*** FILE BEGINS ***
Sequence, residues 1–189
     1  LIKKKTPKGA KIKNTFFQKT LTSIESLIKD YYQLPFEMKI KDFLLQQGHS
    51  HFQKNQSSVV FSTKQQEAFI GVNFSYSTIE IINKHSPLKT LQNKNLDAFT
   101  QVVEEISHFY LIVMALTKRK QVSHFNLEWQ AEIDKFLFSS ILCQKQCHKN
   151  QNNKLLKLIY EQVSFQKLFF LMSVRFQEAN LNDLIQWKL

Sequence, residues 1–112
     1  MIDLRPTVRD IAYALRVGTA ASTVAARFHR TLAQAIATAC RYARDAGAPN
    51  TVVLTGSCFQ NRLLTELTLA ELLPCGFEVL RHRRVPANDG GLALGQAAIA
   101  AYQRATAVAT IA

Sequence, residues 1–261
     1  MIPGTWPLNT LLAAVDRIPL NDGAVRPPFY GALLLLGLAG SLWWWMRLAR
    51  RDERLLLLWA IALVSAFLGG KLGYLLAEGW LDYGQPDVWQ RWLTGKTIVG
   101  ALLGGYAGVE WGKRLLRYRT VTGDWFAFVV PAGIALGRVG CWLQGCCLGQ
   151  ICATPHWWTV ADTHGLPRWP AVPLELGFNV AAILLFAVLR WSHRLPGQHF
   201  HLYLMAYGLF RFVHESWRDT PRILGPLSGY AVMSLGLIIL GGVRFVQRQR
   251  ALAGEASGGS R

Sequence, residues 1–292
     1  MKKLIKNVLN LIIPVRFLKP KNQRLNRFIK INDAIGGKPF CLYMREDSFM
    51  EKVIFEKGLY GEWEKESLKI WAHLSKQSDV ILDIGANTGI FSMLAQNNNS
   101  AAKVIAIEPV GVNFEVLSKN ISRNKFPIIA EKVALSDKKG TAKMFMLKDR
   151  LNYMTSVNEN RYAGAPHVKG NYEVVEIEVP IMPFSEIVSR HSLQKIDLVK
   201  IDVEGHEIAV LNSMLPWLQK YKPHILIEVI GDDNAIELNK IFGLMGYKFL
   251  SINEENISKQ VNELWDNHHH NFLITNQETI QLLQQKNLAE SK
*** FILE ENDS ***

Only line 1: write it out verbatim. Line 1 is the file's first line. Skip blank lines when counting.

Sequence, residues 1–189